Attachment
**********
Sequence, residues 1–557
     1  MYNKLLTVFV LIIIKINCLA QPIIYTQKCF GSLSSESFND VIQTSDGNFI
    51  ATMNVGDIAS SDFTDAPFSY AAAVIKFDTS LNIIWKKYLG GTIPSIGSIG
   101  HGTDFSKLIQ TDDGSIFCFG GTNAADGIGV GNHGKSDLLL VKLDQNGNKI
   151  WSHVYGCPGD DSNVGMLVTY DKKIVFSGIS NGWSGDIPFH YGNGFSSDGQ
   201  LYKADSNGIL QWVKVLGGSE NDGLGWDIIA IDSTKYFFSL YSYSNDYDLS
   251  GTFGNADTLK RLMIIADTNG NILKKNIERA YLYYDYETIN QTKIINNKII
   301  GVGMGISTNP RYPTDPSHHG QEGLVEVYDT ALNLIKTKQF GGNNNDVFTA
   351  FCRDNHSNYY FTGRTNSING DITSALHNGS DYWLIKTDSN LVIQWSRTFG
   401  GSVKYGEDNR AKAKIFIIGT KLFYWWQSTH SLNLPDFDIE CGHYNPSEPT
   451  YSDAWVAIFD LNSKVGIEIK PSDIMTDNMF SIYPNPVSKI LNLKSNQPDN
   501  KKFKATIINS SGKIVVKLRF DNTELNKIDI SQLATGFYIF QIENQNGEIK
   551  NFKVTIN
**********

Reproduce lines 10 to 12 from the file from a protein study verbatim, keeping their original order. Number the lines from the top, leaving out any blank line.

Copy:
   401  GSVKYGEDNR AKAKIFIIGT KLFYWWQSTH SLNLPDFDIE CGHYNPSEPT
   451  YSDAWVAIFD LNSKVGIEIK PSDIMTDNMF SIYPNPVSKI LNLKSNQPDN
   501  KKFKATIINS SGKIVVKLRF DNTELNKIDI SQLATGFYIF QIENQNGEIK